Hello. I'm Marjo from Finland. I am a mother of 4 teenagers, of which one is celiac. I found this article when looking for contacts within the worldwide gluten-free society. I have signed into different web sites like Lingoo (www.lingoo.eu) and Couch Surfing in order to get to know families with celiac teenagers who could give a young kid the possibility for an exchange experience without risking the diet. I hope anyone interested in gluten-free exchange would spread the word and that together we could make many celiac teens' dream come true.

Also, I wish many many more families able to offer a safe gluten-free diet would register on Lingoo. It's a very well known and strictly controlled site getting together families mostly in Europe but hopefully soon in other parts of the world, too!

Please feel free to contact me either via Lingoo (member 22055) or by email: makkonen.hyvinkaa(a)gmail.com.




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Ditto. However, this is what I can never understand about gluten free food. (see the bold bits which I've taken from the article) "We wanted to determine if gluten consumption will affect health in people with no apparent medical reasons to avoid gluten. Gluten-free foods often have less dietary fiber and other micronutrients, making them less nutritious and they also tend to cost more,? I wonder why what so much of what I eat that's gluten free doesn't have added vitamins - we of all people need fortification in our cereals and bread, surely?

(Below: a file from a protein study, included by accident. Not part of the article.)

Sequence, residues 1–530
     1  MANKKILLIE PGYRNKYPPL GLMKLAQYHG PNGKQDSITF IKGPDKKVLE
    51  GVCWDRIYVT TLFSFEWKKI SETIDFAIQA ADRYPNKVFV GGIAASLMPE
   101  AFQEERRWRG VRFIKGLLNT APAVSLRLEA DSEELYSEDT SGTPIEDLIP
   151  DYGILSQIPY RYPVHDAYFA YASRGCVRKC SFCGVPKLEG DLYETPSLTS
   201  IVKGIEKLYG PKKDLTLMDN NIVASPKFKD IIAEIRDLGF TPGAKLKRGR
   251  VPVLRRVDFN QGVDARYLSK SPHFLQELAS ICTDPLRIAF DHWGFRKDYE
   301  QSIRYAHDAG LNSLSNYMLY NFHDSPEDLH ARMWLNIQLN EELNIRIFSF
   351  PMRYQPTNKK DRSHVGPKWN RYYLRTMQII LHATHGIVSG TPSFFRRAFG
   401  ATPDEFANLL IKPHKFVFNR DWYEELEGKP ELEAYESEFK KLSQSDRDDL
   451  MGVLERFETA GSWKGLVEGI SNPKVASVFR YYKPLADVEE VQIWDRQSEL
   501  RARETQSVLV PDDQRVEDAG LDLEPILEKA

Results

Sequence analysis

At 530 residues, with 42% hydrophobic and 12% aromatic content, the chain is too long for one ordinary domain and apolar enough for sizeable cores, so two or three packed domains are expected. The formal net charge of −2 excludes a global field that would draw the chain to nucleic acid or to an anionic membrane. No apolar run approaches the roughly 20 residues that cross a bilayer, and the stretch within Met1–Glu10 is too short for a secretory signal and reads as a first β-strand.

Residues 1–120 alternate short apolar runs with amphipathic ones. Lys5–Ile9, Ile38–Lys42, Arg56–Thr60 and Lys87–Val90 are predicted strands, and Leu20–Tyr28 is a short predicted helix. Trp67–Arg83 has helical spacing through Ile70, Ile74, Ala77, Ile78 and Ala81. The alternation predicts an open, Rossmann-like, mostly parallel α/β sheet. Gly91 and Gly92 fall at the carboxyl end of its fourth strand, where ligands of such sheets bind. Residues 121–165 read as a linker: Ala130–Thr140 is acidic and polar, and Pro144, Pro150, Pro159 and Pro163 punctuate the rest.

Yeah we learned that the hard way. I am inclined to think (as I did initially) that it was JUST the Cheerios but as time is passing and she is not bouncing back I am worried that we need to strip away dairy again for a while.